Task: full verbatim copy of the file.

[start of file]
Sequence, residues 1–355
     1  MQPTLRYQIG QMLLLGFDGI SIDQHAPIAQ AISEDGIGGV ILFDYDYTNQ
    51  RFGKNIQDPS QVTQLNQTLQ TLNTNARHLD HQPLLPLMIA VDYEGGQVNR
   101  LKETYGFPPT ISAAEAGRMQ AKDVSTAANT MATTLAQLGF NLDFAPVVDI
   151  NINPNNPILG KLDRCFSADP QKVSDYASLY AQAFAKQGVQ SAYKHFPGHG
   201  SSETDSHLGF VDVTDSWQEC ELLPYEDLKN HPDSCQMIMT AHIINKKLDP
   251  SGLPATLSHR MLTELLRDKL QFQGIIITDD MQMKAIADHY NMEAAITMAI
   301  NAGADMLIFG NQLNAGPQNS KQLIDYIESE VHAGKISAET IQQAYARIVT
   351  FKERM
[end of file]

Sequence, residues 1–355
     1  MQPTLRYQIG QMLLLGFDGI SIDQHAPIAQ AISEDGIGGV ILFDYDYTNQ
    51  RFGKNIQDPS QVTQLNQTLQ TLNTNARHLD HQPLLPLMIA VDYEGGQVNR
   101  LKETYGFPPT ISAAEAGRMQ AKDVSTAANT MATTLAQLGF NLDFAPVVDI
   151  NINPNNPILG KLDRCFSADP QKVSDYASLY AQAFAKQGVQ SAYKHFPGHG
   201  SSETDSHLGF VDVTDSWQEC ELLPYEDLKN HPDSCQMIMT AHIINKKLDP
   251  SGLPATLSHR MLTELLRDKL QFQGIIITDD MQMKAIADHY NMEAAITMAI
   301  NAGADMLIFG NQLNAGPQNS KQLIDYIESE VHAGKISAET IQQAYARIVT
   351  FKERM